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You're absolutely correct about the need for a massive culture change. But I think the culture change around tobacco smoking is encouraging evidence that it can be done, with the role of enlightened lawmakers being at least as much to promote and advance these changes as to actually legislate restrictions and prohibitions, though the two work together, with legislation gradually nudging the culture.
Tobacco doesn't have the same utility that firearms do. They provide individual benefit, but any single cigarette isn't' going to be life changing. Cigarettes aren't used daily to defend the lives of the populace. Cigarettes aren't a right guaranteed in the constitution. Cigarettes don't last for over a hundred years. Basically, the comparison is not apt.

But I take your point. When the CDC engaged in a propaganda campaign against firearms, they also analogized tobacco as a model to follow. It's also quite apparent that the idea of going after gun culture is becoming more popular in gun control circles. It's also why even small incremental forays need to be smashed and exposed for the ulterior motives that they represent.


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I don't know what the solution is exactly -- how do you change a culture in a directed and focused way? Obviously that can and has been done (i.e. America is less patriarchal and racist than it was in the past, even as these are still very significant problems), but I don't know what public policy can change that, though I do think at the margins various gun control proposals (large magazine ban, expanded background checks, targeted bans on certain characteristics that can make mass shootings even deadlier) might have a tiny but positive effect on shootings. But even at best, these might just reduce the average body count of school shootings from 10 or whatever to 7, or something like that.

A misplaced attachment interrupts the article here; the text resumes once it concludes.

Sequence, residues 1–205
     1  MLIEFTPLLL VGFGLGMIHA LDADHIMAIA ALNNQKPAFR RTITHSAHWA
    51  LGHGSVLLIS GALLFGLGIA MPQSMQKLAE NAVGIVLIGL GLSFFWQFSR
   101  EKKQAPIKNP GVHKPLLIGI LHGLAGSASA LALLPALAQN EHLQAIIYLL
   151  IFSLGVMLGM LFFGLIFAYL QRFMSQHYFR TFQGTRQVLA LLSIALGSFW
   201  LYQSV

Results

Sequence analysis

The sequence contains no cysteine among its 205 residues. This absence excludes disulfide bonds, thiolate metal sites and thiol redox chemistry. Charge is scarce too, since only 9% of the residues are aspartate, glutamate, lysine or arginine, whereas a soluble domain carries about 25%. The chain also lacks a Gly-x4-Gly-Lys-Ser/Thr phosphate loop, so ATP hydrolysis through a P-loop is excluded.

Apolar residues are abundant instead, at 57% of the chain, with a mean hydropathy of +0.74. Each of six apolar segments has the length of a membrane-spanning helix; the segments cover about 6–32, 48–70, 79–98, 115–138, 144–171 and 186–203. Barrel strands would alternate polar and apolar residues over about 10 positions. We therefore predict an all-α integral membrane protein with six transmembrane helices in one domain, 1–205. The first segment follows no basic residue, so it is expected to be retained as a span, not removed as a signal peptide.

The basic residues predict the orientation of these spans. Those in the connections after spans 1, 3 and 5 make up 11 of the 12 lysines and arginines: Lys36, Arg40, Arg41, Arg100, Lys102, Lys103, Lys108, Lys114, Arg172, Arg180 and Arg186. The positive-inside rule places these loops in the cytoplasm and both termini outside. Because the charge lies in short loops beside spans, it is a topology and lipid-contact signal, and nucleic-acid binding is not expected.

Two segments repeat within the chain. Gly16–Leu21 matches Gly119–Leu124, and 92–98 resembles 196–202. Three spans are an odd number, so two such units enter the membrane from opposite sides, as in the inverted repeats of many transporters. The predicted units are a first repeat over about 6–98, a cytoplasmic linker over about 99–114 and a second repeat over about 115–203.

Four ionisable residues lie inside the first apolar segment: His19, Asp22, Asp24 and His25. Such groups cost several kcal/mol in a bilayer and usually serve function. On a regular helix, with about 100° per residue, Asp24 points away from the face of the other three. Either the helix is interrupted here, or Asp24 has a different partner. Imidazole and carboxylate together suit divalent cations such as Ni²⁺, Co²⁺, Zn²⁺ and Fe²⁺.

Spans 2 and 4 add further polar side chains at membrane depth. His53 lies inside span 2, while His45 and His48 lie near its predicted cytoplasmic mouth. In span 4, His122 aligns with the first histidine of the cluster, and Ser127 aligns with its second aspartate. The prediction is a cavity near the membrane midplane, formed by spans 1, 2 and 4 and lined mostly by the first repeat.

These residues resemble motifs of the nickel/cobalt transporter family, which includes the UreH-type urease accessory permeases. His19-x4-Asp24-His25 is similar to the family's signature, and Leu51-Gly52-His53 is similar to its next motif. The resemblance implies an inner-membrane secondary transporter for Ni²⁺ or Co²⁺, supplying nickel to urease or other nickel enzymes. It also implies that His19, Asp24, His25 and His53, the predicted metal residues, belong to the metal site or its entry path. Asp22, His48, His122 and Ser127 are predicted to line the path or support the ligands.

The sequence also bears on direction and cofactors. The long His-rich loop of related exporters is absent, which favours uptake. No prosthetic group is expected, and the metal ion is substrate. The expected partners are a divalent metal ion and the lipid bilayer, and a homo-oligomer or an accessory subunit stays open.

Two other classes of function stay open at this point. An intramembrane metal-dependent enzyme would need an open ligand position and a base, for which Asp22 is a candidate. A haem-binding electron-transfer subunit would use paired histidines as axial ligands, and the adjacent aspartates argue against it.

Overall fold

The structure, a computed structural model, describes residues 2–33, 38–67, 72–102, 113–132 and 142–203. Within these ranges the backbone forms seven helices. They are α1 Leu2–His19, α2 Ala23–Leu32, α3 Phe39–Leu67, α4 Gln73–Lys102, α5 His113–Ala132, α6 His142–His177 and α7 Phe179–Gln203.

And what would that have done for the incident in question? How would a background check prevent firearms from being stolen and used for nefarious purposes? This is an example of why it seems like gun control advocacy groups seem to celebrate when a tragedy occurs, they do what I've seen referred to as a "blood dance", happy to use any incident as a springboard to launch into advocacy for unrelated policies on the backs of the tragedy. It would be like in reaction to a high profile suicide, Everytown comes out against high capacity magazines.

The only thing that prevents this incident is a ban and confiscation. Unless that is the proposal on the table, then anything else is either woefully misguided or a ruse to get on the path towards a ban and confiscation. It could be both.
  #156  
Old 05-13-2019, 11:14 AM
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A gun ban would not only be politically impossible at the present, it would be colossally ineffective. American culture is a gun culture -- a culture that celebrates and mythologizes violence, and in particular gun violence. That's the source of the problem of shootings -- the ubiquity of guns makes shootings much easier, quite obviously, but it's impossible to address this problem of guns being incredibly easy to access without massive changes in American culture. America as a culture will not accept any significant restrictions on the availability of their (our) precious guns.